Color blindness is not only linked with the genetic inheritance, as the American Academy of Ophthalmology (2017) reports. Majority of the color vision disorders that occur later in life are as a result of disease. Most of the acquired color blindness from diseases is less understood, as opposed to the congenital forms of color blindness. There are certain chronic illnesses that can lead to color blindness such as glaucoma, Alzheimer’s disease, macular degeneration, Parkinson’s disease, chronic alcoholism, sickle cell anemia, diabetes mellitus, liver disease, retinitis pigmentosa, leukemia and multiple sclerosis. 

Besides, there are medications that have been linked with causing color blindness. National Eye Institute (2015) reports that such medications cause color blindness in the long-term, as they subject the body to substance intoxication that may affect the eye. Such medications include high blood pressure medications, antibiotics, anti-depressants, anti-tuberculosis drugs, barbiturate and medications used in managing disorders of the nervous system. In addition, the continuous usage of dietary supplements and non-prescribed medications has been found to cause color blindness. Similarly, continuous exposure to chemical solvents in industrial and environmental spheres can cause color blindness. Such chemicals as carbon monoxide, lead and carbon disulphide can cause color blindness. 

Furthermore, traumas coming from accidents that inflict head and eye injuries were listed by as Hood, Mollon, Purves and Jordan (2006) among the factors that cause acquired color blindness. The impact of such accidents, therefore, should not be underestimated, as the damages they inflict on the retina and certain parts of the brain have the potential of causing not only color blindness but also total blindness. To strengthen this argument, Simunovic (2016) followed up by listing the neurological effects of accidents on the optical nerves, including retinopathy, lesions, optic neuritis, ganglion cells and neuropathy. As earlier mentioned, the prevalence of color blindness is higher among the elderly. This supports the basis of the inclusion of age as a causative factor of color blindness.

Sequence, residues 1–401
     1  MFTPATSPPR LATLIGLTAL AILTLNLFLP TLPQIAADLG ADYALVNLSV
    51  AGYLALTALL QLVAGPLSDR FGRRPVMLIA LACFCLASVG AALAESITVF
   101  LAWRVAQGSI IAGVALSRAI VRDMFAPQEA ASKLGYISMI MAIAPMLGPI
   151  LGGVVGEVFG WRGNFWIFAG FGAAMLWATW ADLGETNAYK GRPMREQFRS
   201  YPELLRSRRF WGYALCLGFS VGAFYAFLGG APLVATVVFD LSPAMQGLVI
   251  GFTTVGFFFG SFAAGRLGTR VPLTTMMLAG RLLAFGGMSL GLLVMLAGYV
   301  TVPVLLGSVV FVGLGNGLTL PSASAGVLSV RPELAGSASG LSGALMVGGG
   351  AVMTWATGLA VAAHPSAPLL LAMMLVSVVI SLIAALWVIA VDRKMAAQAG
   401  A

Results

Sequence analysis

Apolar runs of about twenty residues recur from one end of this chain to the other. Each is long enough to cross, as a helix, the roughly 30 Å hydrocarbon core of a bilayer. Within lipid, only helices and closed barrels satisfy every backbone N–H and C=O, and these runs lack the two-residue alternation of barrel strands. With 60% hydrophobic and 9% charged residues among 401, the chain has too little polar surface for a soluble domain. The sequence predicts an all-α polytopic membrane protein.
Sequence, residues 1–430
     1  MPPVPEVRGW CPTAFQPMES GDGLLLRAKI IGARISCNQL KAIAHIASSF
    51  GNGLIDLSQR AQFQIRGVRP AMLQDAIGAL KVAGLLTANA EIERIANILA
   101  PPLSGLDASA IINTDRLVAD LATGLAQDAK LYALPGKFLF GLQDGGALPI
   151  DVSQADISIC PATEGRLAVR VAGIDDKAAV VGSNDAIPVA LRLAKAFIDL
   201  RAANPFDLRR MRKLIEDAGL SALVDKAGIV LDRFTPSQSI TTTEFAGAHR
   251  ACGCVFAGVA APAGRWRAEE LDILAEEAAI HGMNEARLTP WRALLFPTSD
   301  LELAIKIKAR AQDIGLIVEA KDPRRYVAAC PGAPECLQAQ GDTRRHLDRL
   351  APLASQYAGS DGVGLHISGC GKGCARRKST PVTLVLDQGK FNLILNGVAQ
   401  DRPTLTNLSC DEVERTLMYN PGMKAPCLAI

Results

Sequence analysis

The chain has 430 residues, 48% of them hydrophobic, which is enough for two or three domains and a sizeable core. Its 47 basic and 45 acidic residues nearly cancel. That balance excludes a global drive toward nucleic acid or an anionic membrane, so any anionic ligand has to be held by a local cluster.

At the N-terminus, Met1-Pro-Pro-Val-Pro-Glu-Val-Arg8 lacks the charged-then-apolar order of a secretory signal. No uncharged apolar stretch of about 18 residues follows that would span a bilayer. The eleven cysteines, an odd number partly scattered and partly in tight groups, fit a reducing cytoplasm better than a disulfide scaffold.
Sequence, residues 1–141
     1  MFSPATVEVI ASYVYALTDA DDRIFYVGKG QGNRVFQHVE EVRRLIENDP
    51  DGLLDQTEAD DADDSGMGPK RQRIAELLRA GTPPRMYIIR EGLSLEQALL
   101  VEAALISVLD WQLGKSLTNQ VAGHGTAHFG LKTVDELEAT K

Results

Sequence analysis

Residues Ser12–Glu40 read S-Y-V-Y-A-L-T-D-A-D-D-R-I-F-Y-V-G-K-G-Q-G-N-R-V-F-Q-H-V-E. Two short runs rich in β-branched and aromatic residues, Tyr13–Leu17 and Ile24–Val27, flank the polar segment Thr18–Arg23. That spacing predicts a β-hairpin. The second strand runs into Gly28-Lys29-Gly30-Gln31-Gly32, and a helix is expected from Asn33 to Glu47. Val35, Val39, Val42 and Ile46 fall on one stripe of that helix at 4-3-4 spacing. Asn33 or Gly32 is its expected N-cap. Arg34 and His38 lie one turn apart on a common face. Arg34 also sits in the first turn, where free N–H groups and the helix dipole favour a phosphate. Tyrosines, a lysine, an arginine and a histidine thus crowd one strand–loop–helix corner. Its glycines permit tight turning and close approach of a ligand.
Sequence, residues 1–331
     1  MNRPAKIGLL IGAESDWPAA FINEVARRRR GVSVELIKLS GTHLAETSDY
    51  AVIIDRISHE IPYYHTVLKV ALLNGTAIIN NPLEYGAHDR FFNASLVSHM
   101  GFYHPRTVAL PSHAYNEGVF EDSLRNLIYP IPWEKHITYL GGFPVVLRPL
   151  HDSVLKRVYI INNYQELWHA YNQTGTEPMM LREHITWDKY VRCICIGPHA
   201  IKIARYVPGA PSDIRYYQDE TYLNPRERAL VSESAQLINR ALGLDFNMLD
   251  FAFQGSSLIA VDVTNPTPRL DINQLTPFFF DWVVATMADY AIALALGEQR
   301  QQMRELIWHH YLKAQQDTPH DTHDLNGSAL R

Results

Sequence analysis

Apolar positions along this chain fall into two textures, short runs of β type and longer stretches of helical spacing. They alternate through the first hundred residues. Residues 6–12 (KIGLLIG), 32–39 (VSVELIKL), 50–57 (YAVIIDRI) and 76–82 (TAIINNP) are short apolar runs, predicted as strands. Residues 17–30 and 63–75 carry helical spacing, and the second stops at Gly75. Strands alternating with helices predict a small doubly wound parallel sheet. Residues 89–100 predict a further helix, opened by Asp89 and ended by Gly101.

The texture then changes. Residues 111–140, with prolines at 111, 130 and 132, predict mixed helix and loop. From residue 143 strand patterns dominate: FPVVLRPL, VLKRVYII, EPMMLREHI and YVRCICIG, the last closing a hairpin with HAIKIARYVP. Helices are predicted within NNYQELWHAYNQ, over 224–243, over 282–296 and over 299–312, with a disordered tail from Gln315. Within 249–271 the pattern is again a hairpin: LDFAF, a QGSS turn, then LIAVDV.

Diagnosis of color blindness

There are several measures that can be taken to establish the presence of color vision disorder. In one test, a person is required to look at a set of colored dots and establish a pattern in these dots, such as a number of a letter. These colors enable the optician to understand the colors that pose a problem to the patient. In a separate test, the opticians may arrange colored chips in accordance with the order of the similarity in the colors. Thereafter, the optician will dismantle the chips and ask the patient to arrange the colored chips in an order similar to the previous. The presence of a color vision defect limits the ability of the person to arrange the colored chips correctly. 

As Fomins and Ozolinsh (2011) asserts, disorders in color vision can have ranging impacts on the life of a person. Therefore, the authors used this assertion to illustrate the significance of early detection of the problem, more so among the children who are at high risk of inheriting the disorder from the parents. Besides, Randolph (2013) noted that in children, color vision defects greatly affect the learning abilities, which may stretch further to affect the development of reading and writing skills. Many of the tasks that people undertake in their daily routines rely on their ability to separate things using their characteristics, with color being among the characteristics used in specifying objects, according to Hood, Mollon, Purves and Jordan (2006). Color blindness may present difficulties for people to rely on color as the core differentiating feature of objects. Color blindness, moreover, increases the risk of accidents, as people use traffic lights to navigate their daily activities. 

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There are certain symptoms that guide the diagnosis of color blindness based on the criterion of severity. The mild symptoms of color blindness are the most common, with many people unaware of their color vision deficiencies. Parents need to observe their children and distinguish their behaviors with those of other children, as this helps in noticing the color deficiency problems of the child. The most common symptoms of color blindness include trouble seeing colors and their brightness in the usual way, and difficulties in distinguishing between shades of the same and similar colors. According to Jhanji and Xu (2011), expert recommendations point to the need for eye exams for children aged between three and five years, coupled with a mandatory screening of the vision of all children, and periodically for those enlisted as at high risk of color inherited color blindness,

Ishihara Test 24 Plate Diagnostic Tool